Manage your risk after the end of the mandatory mask

After being forced out for nearly two years, Quebecers will soon be masters of their own mask. In closed public places they will wear it if they want, when they want, where they want. Advice to better find your way and to protect yourself better if necessary.

Posted yesterday at 6am.

Catherine Handfield

Catherine Handfield
The press

As of May 14, Quebec is following in the footsteps of other Canadian provinces (and virtually all western countries) by dropping the requirement to wear a mask in closed public places, with the exception of public transportation and healthcare facilities, where it remains required until further notice. “We are coming at a time when we believe the conditions are in place to make it no longer mandatory,” confirmed the acting national director of public health, the D.r Luc Boileau.

If it will no longer be mandatory, that doesn’t mean it’s forbidden to use it, “it goes without saying,” the D recalled.r Boileau, who invites the population to respect those who want to continue to wear it, by choice or to protect others. All indicators are down… but the virus is still circulating.

three elements

So the ball is in each individual’s court. According to epidemiologist Caroline Quach, pediatrician and microbiologist-infectiologist at CHU Sainte-Justine, we must take into account three elements in our personal reflection if we want to continue wearing it.

The first, she says, is our individual tolerance for risk. People who know they are at risk for complications because they are very old, because they have an illness that makes them vulnerable, or because they are immunocompromised “should continue to wear the mask, especially indoors,” estimates the Dd quack. Special circumstances can also influence people’s behaviour, such as an approaching journey. the dd Quach went to New York for Easter. “In the two weeks before the trip I wore my mask everywhere and didn’t go to restaurants because I wanted to be able to cross the border. †


the dd Caroline Quacho

Second point: the degree of transmission by the community. If the virus circulates a lot where you are, people may have the reflex to put on the mask in public. “As long as it’s community handed down, I think I’ll continue to wear it, especially to protect others,” says Dr.d Quach, who doesn’t stop himself from going to the restaurant.

Finally, the presence of vulnerable people around may also encourage people to continue the habit after May 14, the pediatrician adds.

Choose a good mask

Taking the example of other provinces and other countries, leaving the mask in public places may not happen immediately, but we can expect that after a few days or a few weeks, uncovered faces will become more and more numerous at the supermarket, at the mall, at the theater.


Few spectators wore masks at the Maple Leafs game on May 2 in Toronto.

If only a minority of people wear it, how protected will those people be? The models showed that wearing a face mask in public is a more effective measure if many people stick to it. The effect is multiplicative: the person is protected not only by his mask, but also by that of others.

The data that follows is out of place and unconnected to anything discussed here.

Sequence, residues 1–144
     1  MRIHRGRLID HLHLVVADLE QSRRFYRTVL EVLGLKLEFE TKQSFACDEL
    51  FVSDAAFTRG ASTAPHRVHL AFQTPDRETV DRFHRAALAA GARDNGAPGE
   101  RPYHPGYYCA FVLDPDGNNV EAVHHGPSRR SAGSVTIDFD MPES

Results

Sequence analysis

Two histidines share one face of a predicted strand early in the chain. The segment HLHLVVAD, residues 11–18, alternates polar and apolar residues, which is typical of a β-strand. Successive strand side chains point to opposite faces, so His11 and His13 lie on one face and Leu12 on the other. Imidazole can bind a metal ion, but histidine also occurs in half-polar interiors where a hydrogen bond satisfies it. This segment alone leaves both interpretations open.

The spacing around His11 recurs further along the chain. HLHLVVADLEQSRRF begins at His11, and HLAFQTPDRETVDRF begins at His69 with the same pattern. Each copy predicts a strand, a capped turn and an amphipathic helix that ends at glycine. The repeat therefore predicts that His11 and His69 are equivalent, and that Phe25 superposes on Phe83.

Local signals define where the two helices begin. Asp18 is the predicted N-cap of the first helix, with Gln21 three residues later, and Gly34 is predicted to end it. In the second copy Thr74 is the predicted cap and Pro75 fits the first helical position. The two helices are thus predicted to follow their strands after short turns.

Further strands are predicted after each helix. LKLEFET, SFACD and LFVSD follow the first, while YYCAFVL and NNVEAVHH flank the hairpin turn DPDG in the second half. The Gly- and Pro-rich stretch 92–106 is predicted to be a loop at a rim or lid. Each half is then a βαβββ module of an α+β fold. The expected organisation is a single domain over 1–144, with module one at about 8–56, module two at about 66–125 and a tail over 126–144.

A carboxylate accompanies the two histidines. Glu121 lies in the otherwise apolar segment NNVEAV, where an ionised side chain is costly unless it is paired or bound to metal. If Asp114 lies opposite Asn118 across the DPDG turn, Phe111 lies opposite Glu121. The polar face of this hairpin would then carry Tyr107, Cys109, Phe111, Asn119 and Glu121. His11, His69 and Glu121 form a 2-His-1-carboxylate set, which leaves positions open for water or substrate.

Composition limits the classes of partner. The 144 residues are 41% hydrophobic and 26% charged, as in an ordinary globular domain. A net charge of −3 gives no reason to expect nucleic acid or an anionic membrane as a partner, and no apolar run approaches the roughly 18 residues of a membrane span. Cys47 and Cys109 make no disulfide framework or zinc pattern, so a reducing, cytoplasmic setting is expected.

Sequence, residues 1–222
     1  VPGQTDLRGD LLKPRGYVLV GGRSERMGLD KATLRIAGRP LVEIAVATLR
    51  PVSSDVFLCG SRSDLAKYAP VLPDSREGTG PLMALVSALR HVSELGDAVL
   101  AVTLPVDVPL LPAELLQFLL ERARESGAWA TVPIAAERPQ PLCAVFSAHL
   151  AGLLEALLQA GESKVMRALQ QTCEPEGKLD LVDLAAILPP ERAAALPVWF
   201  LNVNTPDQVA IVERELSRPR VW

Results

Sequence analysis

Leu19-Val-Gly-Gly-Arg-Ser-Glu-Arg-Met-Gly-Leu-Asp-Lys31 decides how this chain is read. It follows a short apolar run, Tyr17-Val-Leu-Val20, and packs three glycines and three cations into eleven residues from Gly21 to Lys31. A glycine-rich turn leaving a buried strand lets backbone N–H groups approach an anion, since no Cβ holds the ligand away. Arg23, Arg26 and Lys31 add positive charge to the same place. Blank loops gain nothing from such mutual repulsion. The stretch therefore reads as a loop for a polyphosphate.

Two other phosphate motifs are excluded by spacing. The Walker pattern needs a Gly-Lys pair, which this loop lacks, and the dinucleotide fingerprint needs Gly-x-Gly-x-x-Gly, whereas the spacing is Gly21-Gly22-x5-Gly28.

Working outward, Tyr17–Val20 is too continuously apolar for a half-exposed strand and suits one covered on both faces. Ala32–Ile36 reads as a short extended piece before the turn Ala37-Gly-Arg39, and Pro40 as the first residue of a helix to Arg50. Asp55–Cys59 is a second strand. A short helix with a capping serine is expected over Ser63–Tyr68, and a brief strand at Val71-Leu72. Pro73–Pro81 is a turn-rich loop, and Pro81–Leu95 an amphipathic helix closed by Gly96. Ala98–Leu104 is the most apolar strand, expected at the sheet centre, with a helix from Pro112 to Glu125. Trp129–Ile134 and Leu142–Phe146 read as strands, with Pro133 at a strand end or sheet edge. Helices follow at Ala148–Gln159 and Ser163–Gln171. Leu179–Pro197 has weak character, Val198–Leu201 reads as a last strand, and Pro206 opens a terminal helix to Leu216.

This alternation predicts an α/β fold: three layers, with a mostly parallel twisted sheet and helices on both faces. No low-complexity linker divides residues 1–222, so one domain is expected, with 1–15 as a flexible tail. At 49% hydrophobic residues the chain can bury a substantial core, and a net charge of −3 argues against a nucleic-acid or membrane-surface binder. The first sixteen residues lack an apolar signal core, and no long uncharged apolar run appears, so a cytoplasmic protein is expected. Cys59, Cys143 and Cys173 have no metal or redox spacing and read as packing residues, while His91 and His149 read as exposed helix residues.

When everyone wears the mask, transmission is reduced by about 25%, according to models from researchers at the University of Bristol and the University of Oxford.

We posed the question to Jeremy Howard, professor at the University of Queensland, Australia, and author of a literature review published earlier this year in the scientific journal PNAS† “It’s still very useful, he said on the phone, but you’ll have to be more careful to wear a good mask, and to wear it correctly. †

“And with the current variants, only respirators such as the N95 and KF94 are very effective in reducing transmission. The variants are so transferable that it doesn’t really make sense to use anything else. †

Variable efficiency

Not all masks are created equal. A randomized study conducted in Bangladesh, the results of which were published in the journal in December Science associated the cloth face covering with a 5% lower risk, compared to 11% for the surgical mask. Note, however, that these results were achieved when only 42% of the participants wore the mask.

When using the surgical mask (the famous blue mask) to protect yourself from COVID-19, the weak point is its tightness. “You’ll see holes in the sides, at least in most people who wear it, Jeremy Howard notes. When you inhale, you’re drawing most of the air in through the sides of the surgical mask and it’s not getting filtered.”

There are ways to make it more effective, the researcher says. You can use the “Knot and Tuck” technique, recommended by the Centers for Disease Control and Prevention in the United States, which consists of making knots in each loop, as close to the edge of the mask as possible, and around the excess material under the edges of the mask. You can also put an appropriate cloth face covering over the surgical mask, says Jeremy Howard.

the dd Caroline Quach also believes that a person who really needs to protect themselves from COVID-19 would benefit from getting a respirator, available in pharmacies. “When it’s properly sealed, nothing beats this respiratory protection,” says Dr.d Quach, who was also wearing her N95 in New York when she was surrounded by unmasked people.

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